Ask the Contractor: cleaning hacks, leaning tree, money

Cleaning tips, tree trimming, Recovery Fund

My husband likes to cook and spatter the grease on the walls and appliances and countertops surrounding the stove. Do you have any cleaning hacks that might help with quick removal?

— Lois, Prescott Valley

Grease, grime, gunk and goo, the stuff that cannot be wiped up with hot water for sure. We are going to take our cleaning hacks a little farther today and reach out onto walls as well.

Grease for sure is an occupational hazard of cooking. Why does it always manage to find its way onto our walls, side of the refrigerator, countertops and into that little space between the stove and the counter?

The good news is that any decent dish soap with hot water can remove grease stains on walls. Wipe the area with soap and water then rinse with clean water and dry. For those really stubborn grease spots, use one-third cup household vinegar with two-thirds cup water and rub.

For those grease/oil from our hands that gets onto walls, cabinets, doors, and door frames, use 1 cup ammonia, one-half cup white distilled or apple cider vinegar, one-quarter cup baking soda and 1 gallon of warm water and wipe the area with a sponge and then rise with clean water. Works like a champ.

For crayon on walls, rub the marks with toothpaste (not gel) or try erasing the marks with an art gum or a pencil eraser; use a circular motion. I even used baby wipes once when lipstick flew from my hand and hit the wall. I heard that sprinkling baking soda on a damp sponge and scrub marks works wonders as well.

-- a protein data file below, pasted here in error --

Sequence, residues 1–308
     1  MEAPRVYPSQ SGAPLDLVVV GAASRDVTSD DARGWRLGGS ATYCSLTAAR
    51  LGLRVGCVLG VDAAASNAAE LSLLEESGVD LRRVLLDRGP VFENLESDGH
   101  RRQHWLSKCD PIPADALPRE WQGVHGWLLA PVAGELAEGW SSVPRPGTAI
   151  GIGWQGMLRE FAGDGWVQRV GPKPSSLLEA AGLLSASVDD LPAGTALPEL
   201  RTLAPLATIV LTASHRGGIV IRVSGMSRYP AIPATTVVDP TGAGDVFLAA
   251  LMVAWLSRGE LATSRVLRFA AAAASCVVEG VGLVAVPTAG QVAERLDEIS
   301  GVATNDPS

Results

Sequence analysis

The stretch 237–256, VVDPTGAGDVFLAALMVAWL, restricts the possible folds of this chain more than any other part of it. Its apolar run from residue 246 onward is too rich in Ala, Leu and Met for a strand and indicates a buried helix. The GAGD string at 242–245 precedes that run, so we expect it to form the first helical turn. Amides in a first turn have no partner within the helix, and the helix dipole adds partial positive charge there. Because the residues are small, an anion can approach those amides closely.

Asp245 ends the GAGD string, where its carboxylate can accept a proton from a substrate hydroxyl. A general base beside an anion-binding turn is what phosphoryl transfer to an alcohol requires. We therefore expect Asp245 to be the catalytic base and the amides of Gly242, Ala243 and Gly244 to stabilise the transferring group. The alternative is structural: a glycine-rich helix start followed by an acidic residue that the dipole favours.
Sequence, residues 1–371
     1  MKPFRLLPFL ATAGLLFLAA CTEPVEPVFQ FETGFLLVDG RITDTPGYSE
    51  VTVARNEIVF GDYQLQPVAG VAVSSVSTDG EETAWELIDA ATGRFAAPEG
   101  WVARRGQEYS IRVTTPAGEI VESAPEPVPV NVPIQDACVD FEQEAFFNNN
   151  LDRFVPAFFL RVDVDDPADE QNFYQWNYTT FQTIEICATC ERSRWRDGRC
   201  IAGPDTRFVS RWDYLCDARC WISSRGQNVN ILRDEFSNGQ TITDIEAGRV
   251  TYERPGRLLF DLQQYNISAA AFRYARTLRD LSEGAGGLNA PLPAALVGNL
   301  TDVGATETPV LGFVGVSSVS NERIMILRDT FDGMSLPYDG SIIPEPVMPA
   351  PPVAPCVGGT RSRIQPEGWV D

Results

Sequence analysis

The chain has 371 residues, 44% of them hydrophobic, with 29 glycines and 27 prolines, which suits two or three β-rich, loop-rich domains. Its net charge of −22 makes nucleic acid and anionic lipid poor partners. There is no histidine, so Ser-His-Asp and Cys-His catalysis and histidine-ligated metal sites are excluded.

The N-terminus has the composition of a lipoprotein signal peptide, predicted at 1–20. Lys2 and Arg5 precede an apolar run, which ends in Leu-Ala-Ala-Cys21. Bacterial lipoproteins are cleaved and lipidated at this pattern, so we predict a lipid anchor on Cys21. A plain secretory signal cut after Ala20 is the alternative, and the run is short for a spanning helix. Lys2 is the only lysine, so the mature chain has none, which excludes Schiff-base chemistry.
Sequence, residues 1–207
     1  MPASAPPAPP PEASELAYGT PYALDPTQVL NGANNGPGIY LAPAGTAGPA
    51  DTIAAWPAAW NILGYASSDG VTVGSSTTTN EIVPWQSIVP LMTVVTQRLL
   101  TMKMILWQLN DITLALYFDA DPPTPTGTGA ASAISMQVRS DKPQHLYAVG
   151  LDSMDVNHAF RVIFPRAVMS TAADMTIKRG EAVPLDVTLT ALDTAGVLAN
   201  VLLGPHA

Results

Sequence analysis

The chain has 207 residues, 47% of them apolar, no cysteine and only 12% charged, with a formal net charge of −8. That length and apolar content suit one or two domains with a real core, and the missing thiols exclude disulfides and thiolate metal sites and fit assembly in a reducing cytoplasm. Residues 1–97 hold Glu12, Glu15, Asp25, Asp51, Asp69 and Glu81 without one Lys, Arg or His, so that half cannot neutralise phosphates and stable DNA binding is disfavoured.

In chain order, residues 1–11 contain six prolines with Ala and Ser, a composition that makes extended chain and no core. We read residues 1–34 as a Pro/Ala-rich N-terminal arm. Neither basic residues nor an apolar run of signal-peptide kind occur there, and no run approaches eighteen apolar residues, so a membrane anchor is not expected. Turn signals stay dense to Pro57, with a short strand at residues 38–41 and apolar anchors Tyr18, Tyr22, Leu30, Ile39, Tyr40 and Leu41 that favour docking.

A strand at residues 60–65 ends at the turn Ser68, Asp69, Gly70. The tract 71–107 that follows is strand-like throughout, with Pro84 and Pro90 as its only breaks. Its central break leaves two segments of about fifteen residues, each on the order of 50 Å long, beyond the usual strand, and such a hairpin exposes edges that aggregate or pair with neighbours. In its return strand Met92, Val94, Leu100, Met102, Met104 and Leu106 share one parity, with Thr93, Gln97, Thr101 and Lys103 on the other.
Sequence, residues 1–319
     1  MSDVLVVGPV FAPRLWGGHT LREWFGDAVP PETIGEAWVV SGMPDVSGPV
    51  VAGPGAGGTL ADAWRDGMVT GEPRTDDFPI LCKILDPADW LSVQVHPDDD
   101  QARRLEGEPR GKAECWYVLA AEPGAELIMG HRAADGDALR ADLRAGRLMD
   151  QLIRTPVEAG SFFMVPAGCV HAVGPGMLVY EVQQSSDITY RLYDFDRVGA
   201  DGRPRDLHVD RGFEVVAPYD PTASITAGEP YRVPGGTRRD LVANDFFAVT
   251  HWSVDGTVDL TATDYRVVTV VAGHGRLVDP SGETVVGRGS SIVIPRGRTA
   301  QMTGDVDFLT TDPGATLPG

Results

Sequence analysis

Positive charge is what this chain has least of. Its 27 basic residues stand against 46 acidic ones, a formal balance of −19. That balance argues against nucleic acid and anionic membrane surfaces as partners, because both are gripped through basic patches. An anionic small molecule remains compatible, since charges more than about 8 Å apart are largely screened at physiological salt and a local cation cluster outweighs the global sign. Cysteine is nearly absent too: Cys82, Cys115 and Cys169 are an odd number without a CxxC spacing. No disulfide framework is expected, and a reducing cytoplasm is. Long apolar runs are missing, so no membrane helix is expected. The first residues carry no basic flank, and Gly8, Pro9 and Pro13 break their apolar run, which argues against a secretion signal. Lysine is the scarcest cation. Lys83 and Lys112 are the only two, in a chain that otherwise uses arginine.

For permanent markers, soak a cotton ball with rubbing alcohol and dab the stain. Or spray marks with hairspray and then dab the marks. Did you know ballpoint ink, which is oil-based, often melts away if you use foaming shaving cream or nail polish remover?

Our neighbors’ tree is leaning over on our property and looks like it could fall any second. Can we take it down or what if it falls?

— Ed and Nancy, Highland Pines

Before the tree falls, you should immediately write a letter to your neighbor before the diseased or leaning tree falls over on your roof or onto your property and does damage. The letter should include:

The description of the problem, photographs and request that they take immediate action to resolve the hazardous situation. You should also send a copy of the correspondence to your insurance company. Did you know that if the tree limbs hang over your property line, you may trim the branches up to the property line — but you cannot CUT DOWN THE ENTIRE TREE or touch branches or limbs on the property where the tree is planted. I have seen several situations where this issue has been very neighborly and the neighbor with the tree has offered to pay for trimming of the tree which has affected the other neighbor’s lot.

We hired a licensed contractor from out of the area, a friend of a friend and we have a major construction issue. We were told we could file for the Recovery Fund. What does that mean?

— Ed and Susan, Cottonwood

The state of Arizona requires all licensed residential contractors to provide financial protection to their customers. The protections apply whether you buy a new home, remodel, build a swimming pool or have a new roof put on your home.

In order to obtain a license, a residential contractor must post a cash deposit or surety bond of $4,250.00 to $15,000.00. In addition, a residential contractor must either pay into the recovery fund or post a second bond of $200,000.00. The vast majority of residential contractors have chosen to participate in the fund. Therefore, there are actually two programs offering financial protection.